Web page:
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Do Bears Live in the Same Den Year After Year?

Rock den cement cave with sleeping black bears inside.

Bears do not usually live in the same den year after year. So, does that mean if you know where a bear has spent the winter, you are unlikely to see a shaggy black boar or a brown sow and her cubs emerging from the same cozy hole in winters to come? Not necessarily.

Great Dens Are Repeat Retreats

Bears den excavated from an anthill.

Can you imagine a lair used for thousands of years by so many generations of bears that the walls have been worn smooth by their passage? Dens can be used again and again, but not necessarily by the same bear. Fish and Game bear researcher LaVern Beier “followed one bear for 13 years, and he only used the same den two times, and it wasn’t two years in a row.”

The North American Bear Center echos this sentiment: “the den that researchers found being used the most during four decades of study was used three times, each time by a different bear, and each time after an interval of six years.”

How Do Bears Choose A Den?

Brown bear female with cub at den entrance.

Since bears have home ranges anywhere from 50 square miles (for females) and 300 square miles (for males), they have a lot of territories to choose from. You’re more likely to see your favorite bruin sticking to spots close to where they sheltered the year before.

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Most Bear Dens Have Three Things In Common

  • A North Facing Slope
  • Protection From The Weather
  • Well-Draining Soil

“If It Ain’t Broke…” – Ursids Everywhere

Brown bear in a cage.

According to the National Forest Service, “Brown bears rely on past experience to choose den sites that maximize energy conservation.” In some environments, like the Arctic, it’s likely that last year’s hidey-hole has caved in by the time this year’s first cold snap hits. So, how far do these Kodiaks, Grizzlies, Cinnamons, or Kermodes actually travel from last winter’s digs?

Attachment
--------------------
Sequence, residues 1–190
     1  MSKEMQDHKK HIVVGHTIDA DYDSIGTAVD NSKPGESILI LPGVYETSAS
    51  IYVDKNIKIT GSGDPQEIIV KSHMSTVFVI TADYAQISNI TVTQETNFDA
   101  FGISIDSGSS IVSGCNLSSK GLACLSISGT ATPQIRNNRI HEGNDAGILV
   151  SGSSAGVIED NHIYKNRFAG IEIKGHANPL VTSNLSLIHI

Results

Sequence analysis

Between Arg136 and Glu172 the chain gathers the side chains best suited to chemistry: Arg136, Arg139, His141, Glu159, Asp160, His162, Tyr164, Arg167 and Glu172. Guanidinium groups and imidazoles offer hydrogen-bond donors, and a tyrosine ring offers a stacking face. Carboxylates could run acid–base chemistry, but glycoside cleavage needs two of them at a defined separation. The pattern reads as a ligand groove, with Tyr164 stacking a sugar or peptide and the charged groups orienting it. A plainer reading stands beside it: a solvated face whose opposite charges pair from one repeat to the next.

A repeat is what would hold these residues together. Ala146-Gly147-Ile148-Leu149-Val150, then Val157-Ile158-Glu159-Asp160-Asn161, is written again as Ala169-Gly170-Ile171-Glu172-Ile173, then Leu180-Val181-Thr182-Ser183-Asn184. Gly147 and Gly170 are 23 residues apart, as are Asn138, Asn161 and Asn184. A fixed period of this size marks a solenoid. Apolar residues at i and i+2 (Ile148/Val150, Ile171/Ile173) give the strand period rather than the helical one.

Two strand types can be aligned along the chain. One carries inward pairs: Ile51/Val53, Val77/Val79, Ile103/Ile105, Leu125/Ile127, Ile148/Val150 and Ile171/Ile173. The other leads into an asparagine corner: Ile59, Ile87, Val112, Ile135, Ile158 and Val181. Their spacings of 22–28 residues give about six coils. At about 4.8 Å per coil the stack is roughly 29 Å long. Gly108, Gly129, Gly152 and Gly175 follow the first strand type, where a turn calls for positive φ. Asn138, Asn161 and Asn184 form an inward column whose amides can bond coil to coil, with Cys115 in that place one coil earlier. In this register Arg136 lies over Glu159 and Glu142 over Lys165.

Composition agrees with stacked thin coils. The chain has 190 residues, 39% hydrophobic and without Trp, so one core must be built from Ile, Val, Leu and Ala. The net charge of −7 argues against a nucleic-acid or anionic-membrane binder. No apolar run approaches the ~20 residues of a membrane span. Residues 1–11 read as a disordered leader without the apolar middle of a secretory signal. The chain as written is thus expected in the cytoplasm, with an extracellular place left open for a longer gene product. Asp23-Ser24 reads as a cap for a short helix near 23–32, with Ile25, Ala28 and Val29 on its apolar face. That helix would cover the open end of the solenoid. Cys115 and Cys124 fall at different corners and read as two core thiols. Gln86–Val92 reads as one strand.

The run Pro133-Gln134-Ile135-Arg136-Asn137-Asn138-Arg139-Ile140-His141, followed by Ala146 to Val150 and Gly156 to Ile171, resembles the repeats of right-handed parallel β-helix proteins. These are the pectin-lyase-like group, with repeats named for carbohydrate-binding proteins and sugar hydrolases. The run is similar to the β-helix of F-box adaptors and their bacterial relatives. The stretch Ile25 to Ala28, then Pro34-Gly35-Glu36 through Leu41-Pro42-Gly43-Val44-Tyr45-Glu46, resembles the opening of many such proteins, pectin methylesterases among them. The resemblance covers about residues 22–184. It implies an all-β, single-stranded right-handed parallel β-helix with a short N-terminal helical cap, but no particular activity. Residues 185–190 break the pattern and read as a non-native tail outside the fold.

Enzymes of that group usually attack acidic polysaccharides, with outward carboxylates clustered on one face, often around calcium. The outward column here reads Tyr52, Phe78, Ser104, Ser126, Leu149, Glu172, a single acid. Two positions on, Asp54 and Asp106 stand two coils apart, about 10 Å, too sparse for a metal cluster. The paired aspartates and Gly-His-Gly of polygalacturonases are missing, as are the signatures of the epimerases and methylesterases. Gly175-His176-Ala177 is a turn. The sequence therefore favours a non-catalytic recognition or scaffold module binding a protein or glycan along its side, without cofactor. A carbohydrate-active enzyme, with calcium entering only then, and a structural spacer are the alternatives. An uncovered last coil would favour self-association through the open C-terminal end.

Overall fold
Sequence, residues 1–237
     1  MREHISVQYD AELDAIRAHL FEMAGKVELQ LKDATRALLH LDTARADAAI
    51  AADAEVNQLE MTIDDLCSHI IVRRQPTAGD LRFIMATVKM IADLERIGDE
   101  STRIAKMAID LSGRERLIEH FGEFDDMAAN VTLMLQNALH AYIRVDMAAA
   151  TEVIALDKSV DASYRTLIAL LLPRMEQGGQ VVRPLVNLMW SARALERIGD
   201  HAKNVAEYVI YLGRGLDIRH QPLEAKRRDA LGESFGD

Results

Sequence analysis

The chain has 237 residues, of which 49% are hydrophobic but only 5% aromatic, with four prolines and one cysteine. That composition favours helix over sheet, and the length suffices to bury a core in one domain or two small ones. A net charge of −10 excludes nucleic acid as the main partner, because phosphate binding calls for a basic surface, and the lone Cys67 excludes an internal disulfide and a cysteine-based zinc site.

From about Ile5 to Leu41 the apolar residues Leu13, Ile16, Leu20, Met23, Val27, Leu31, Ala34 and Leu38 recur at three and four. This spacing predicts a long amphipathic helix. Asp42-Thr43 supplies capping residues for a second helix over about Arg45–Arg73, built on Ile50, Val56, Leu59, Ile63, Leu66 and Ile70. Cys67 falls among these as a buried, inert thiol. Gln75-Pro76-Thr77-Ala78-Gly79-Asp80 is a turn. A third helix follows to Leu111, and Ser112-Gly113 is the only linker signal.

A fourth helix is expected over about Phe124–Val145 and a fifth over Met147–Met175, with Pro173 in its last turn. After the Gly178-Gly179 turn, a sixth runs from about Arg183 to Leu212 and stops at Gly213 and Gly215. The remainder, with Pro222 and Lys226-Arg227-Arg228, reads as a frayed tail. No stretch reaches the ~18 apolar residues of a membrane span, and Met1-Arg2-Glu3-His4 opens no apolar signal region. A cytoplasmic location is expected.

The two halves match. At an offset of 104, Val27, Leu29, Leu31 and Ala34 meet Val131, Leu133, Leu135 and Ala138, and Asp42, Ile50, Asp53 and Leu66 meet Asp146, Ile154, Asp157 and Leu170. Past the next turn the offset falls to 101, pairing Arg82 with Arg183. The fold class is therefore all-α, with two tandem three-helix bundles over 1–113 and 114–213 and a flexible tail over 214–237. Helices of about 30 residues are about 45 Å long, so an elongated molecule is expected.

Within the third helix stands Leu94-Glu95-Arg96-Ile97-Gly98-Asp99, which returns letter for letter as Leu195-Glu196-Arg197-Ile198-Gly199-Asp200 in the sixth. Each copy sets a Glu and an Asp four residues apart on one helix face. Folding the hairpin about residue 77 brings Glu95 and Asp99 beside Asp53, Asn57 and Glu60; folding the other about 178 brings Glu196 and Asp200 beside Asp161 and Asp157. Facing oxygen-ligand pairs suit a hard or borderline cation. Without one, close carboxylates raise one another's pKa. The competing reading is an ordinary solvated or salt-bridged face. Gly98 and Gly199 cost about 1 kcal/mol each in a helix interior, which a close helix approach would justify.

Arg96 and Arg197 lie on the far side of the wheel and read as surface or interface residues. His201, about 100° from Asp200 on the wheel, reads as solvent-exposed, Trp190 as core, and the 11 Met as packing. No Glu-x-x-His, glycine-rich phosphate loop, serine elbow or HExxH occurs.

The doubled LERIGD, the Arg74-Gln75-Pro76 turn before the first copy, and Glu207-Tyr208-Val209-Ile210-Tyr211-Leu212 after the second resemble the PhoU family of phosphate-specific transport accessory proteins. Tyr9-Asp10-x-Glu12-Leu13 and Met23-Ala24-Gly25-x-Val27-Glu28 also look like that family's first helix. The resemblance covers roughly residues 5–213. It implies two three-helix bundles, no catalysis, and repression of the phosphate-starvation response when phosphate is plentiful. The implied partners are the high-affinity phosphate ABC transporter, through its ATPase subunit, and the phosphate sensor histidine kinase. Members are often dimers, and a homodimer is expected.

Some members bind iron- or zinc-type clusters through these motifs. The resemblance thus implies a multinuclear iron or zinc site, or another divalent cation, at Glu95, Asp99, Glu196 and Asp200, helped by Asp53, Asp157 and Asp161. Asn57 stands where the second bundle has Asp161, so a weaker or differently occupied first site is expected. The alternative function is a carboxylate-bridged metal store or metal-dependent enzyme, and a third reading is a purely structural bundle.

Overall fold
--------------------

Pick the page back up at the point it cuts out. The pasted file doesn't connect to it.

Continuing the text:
• Females (Sows): Less Than 2 Miles
  • Males (Boars): Less Than 4 Miles

The Ideal Winter Hideaway Starts In Summertime

Bears out of the den.

Preparing for their long winter’s rest is no last-minute job, especially for pregnant females. Bears will spend warmer months searching out a variety of potential sheltering sites. In 2004, researchers from the Wildlife Research Institute videotaped a 3-year-old female bear starting her digging in early July.

She came back to add some cozy bedding to her burrow in early fall.

Bear Lairs – From Nests To Caves To Trees

A sad bear in the den.

How and where a bear chooses its den “varies by the individual bear and by the individual year,” according to bear biologist Ben Kilham. Alaska state wildlife biologist Ryan Scott says it this way: “You can run into a bear den just about anywhere.” Dens have been found 800 feet up in a hollowed-out cottonwood tree, in huge piles of grass, and even in a depression on the forest floor near a good windbreak.

So, where is your favorite ursid likely to refuge when temperatures drop?

  • Hollow Trees
  • Rock Crevices
  • Caves & Hillsides
  • Under Tree Roots
  • In Brush Piles & Leaf Litter
  • In Snow Banks & Even On Moving Glaciers!
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Is Denning The Same For Black, Brown & Polar Bears?

As you can probably imagine, a polar bear surrounded by ice and snow and a black bear hideout hunting in a summer forest are going to have different preferences and opportunities to build their dens.

  • Kodiak bears are more likely to dig out burrows.
  • Grizzlies choose north-facing slopes with a lot of vegetation. They will usually dig out a cubby at the base of a tree.
  • Admiralty brown bears are more likely to reuse dens.
  • Black bears tend to dig burrows, find hollow trees or caves, and use previously occupied dens.
  • Polar bears in Manitoba, Canada, will dig temporary summer retreats in the permafrost in order to cool off.
  • Only female polar bears dig real dens. They are more likely to hunker down near coasts and in thick snowbanks.

Temporary Shelters Vs. Maternity Dens

A abandoned den of a bear deep in the woods.

Most winter denning is temporary and based more on food scarcity than outside temperatures. Male polar bears and other species of male bears that don’t hibernate through the winter will sometimes take cover during extreme temperature drops or storms, but will quickly reemerge. With little ones on the way, pregnant females are more likely to take time to make sure there is a cozy bed of moss or other bedding in their hollow of choice.

They’re in it for the long haul. Polar bear mother’s maternity dens will have a main chamber with an air hole in the snow, an entrance tunnel, and a separate room for her cubs’.